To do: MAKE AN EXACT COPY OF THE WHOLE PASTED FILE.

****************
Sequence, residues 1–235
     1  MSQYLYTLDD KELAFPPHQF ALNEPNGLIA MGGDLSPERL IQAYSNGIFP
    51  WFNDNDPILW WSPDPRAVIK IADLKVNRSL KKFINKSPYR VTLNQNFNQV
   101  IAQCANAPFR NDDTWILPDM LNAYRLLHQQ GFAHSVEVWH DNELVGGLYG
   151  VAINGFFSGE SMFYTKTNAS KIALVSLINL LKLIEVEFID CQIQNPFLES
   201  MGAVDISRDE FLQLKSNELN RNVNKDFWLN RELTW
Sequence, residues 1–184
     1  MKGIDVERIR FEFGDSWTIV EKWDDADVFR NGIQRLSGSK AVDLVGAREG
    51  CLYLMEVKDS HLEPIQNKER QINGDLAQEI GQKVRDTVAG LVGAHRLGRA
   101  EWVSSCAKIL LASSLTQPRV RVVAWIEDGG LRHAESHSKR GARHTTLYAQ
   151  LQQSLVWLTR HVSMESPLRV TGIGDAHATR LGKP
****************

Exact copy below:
Sequence, residues 1–235
     1  MSQYLYTLDD KELAFPPHQF ALNEPNGLIA MGGDLSPERL IQAYSNGIFP
    51  WFNDNDPILW WSPDPRAVIK IADLKVNRSL KKFINKSPYR VTLNQNFNQV
   101  IAQCANAPFR NDDTWILPDM LNAYRLLHQQ GFAHSVEVWH DNELVGGLYG
   151  VAINGFFSGE SMFYTKTNAS KIALVSLINL LKLIEVEFID CQIQNPFLES
   201  MGAVDISRDE FLQLKSNELN RNVNKDFWLN RELTW
Sequence, residues 1–184
     1  MKGIDVERIR FEFGDSWTIV EKWDDADVFR NGIQRLSGSK AVDLVGAREG
    51  CLYLMEVKDS HLEPIQNKER QINGDLAQEI GQKVRDTVAG LVGAHRLGRA
   101  EWVSSCAKIL LASSLTQPRV RVVAWIEDGG LRHAESHSKR GARHTTLYAQ
   151  LQQSLVWLTR HVSMESPLRV TGIGDAHATR LGKP